Following this encounter, I think how appealing it would be to travel the Lower Forty-Eight in a van as William Least Heat Moon described in Blue Highways (1982).   Staying wherever we want for as long as we want.  Hiking, visiting family and friends as modern day free-spirited, albeit upper middle class, hobos.  Of course, I would be doing this alone since Hannah wants no part of van-ity.

Even with all our stops to read the informative trail signs, we are back at the trailhead in 50 minutes.  Have hiked with Owen and Max before, we know this hike will easily take an hour and a half as they climb trailside logs and boulders, scamper down to the water’s edge, and throw whatever is close at hand.   

Can’t wait.

What do you know, during a “24 Hours with Owen and Max,” one month late (mid-May 2021) Hannah and I brought the boys to Cutts Island.

We assisted Margo (someone I just asked if she needed help) with her kayak from the car to Chauncey Creek.
Owen and his Omi as the leaves start filling in.

Meeting three others, we were fortunate that they lent Max (in the picture) and Owen their binoculars to see the birds of the marsh.

Bunny ears are always a popular photo option at the end of the trail at the marsh.

And yes, I occasionally make the cut of the photo editor.

Dan Hikes to the Squirrel Point Lighthouse in Arrowsic, Maine

How would you pronounce Arrowsic?  Answer below from a born and bred Mainer.

After hiking at Reid State Park on the coast of Maine near Georgetown (click here for that blog) this early sub-freezing December morning, my hiking buddy Paul Rosenblum has one more trail for us.  Driving back up Route 127 from the coast, Paul turns in at Bald Head Road for the parking area at the end of this gravelly road.

With crusty snow still on the ground after a weekend storm, we have a clearly-marked, blue blaze trail into the woods to the Kennebec River.  Though I step carefully in places, the trail is basically snow-free.

Off to Squirrel Point Lighthouse

Amigo Paul leading the way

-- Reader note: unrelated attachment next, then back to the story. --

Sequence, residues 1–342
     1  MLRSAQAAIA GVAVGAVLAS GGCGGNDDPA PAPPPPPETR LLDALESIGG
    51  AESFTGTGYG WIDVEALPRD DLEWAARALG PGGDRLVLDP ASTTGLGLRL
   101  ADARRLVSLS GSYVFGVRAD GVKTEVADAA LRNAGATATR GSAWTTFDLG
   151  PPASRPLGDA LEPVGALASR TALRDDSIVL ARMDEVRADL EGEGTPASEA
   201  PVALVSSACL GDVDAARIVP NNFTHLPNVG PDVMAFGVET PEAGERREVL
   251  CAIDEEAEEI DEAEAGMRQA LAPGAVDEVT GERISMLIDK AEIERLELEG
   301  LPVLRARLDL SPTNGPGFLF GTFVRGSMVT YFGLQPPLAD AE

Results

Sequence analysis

In the 18th and 19th century, the Kennebec River was the most important commercial waterway in Maine. Raw materials, including a lucrative trade in beaver pelts, were exported from Au Canada.  With few roads and many islands, local residents used the river as their highway.

On to the Kennebec River

Just a mile hike to the lighthouse, the trail takes us to the well-maintained lighthouse, keeper’s home, sloping-to-the-water boat house, and oil house.  The lighthouse keeper is so named for his responsibility to keep the wick burning for the lighthouse flame that is then reflected off the Fresnel lens; he also had the responsibility to rescue boats that ran aground in this narrow part of the waterway.

Some nut at Squirrel Point Light

The keeper’s place to the left

Boathouse with a ramp to slide the rescue boat into the Kennebec River

Our conversation turns to making retirement work.  As a ten year veteran of the retirement game, I offer that after an initial period of post-work angst of how am I ever going to fill the time, I now find that retirement gives me the gift of time. By that I mean, I don’t have to squeeze in what I want to do.  Of course, retirement can suck the burly rag without one’s health, enough resources, social contacts, and a suitable partner.

In Big Sur, California in retirement with a very suitable partner

My days in retirement with Hannah have me drafting and fine tuning my hiking pieces for this blog.  I picked up pickleball and found a cadre of athletic, active folks for regular contact.  And that’s just the beginning of my active life! In addition to pickleball, I choose from going to the gym, attacking the ping pong ball, walking the beaches, biking country roads, or hiking coastal and mountain trails.  If you can keep your lunch down, I apologize for these incessant humble brags.